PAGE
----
Therapeutic riding serves people with almost any physical, emotional, cognitive, or behavioral disability. I could keep this series going all year and probably barely scratch the surface of who therapeutic riding benefits. I decided to focus on these five disabilities because they are some of the most common needs we serve in the therapeutic riding industry.
We will wrap up this series talking about cerebral palsy. Cerebral palsy (CP) is a blanket term for disorders that affect a person’s ability to move. People with CP may struggle to maintain balance and posture, may have difficulty with fine motor skills, and may have muscle weaknesses. This is where horseback riding can help, as long as the client does not have a contraindication to mounted work.
Today, I am continuing our disabilities series today with Down Syndrome.
Down Syndrome is a genetic disorder that is commonly associated with developmental delays, poor muscle tone, and cognitive impairment. Early therapy interventions can have a positive impact on children with Down Syndrome. Therapeutic horseback riding may be one such intervention used to help with physical, cognitive, social, and behavioral issues.
Please note: therapeutic horseback riding is NOT therapy unless it is done under the supervision of a therapist in hippotherapy settings.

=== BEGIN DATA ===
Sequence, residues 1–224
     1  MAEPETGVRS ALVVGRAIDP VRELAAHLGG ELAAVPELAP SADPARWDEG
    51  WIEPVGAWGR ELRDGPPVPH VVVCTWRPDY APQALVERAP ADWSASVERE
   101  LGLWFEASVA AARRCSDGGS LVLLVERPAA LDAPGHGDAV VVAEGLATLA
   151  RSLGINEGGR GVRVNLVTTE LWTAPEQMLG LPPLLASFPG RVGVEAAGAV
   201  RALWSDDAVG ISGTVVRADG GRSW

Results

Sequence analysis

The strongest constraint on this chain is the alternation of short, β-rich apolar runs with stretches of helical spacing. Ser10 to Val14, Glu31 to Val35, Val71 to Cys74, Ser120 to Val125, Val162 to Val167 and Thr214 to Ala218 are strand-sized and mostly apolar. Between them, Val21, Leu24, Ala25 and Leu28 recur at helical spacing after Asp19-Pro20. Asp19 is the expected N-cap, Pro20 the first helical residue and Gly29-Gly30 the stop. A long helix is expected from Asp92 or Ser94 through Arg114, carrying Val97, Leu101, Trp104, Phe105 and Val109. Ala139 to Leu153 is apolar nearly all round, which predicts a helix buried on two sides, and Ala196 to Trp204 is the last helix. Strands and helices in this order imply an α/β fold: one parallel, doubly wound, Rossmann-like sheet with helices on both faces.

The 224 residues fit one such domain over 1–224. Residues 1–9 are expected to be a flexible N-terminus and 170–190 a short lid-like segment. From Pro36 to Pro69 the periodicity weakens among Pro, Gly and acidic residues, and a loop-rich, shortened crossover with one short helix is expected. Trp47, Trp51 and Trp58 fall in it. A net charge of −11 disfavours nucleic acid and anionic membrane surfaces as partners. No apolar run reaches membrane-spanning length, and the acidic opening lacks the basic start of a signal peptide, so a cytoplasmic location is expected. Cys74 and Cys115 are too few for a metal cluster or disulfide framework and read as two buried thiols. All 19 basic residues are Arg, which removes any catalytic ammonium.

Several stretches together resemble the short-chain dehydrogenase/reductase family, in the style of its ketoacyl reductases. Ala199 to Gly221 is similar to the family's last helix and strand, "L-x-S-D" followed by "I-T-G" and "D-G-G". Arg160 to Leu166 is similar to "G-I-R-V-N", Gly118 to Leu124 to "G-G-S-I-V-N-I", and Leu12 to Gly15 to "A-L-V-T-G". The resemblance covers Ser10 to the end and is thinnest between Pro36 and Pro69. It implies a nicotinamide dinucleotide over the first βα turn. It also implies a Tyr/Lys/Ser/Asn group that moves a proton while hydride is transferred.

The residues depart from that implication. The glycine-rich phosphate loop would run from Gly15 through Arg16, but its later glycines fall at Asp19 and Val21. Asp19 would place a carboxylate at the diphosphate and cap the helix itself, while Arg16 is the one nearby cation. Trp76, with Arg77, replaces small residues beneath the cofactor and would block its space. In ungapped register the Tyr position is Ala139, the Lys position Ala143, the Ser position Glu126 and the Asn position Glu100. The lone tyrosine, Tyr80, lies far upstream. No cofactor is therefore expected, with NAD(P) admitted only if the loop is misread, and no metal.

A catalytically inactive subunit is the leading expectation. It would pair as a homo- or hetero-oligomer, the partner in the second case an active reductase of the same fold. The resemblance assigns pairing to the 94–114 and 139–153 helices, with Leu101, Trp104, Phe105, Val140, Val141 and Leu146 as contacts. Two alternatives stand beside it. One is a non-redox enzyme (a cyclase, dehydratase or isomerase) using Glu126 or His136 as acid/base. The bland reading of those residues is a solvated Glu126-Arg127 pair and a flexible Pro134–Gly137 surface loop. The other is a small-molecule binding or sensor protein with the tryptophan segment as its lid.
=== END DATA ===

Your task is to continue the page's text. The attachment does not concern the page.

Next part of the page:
Attention deficit hyperactivity disorder (ADHD) is a condition that can cause difficulty staying focused and controlling impulsive behavior. It is a very common and may be a stand-alone diagnosis or a coexisting condition, typically diagnosed along with Autism Spectrum Disorder.
People with ADHD can be easily distracted, have trouble sitting still, and difficulty waiting their turn. These tendencies fit well with some of the benefits therapeutic riding or equine-assisted activities can provide.
I am kicking off a new series today! Therapeutic riding is becoming more popular and more well-known as a therapeutic option in the special needs community. There is more research being done on the positive benefits of therapeutic riding for specific needs, including veterans, depression, and foster families. This series will explore the impact of therapeutic riding on specific disabilities. We will start with one of the most common disabilities that therapeutic riding centers see is clients with autism.
This could also be two separate posts, but it’s time for me to wrap up the Off Horse Activities Series. I hope you’ve enjoyed reading these posts and have learned something new! If you have been able to apply any of this in your own work, leave a comment! I would love to know.
But alas, it is time to turn toward our final post of the series: Markings & Attitudes of the Horse.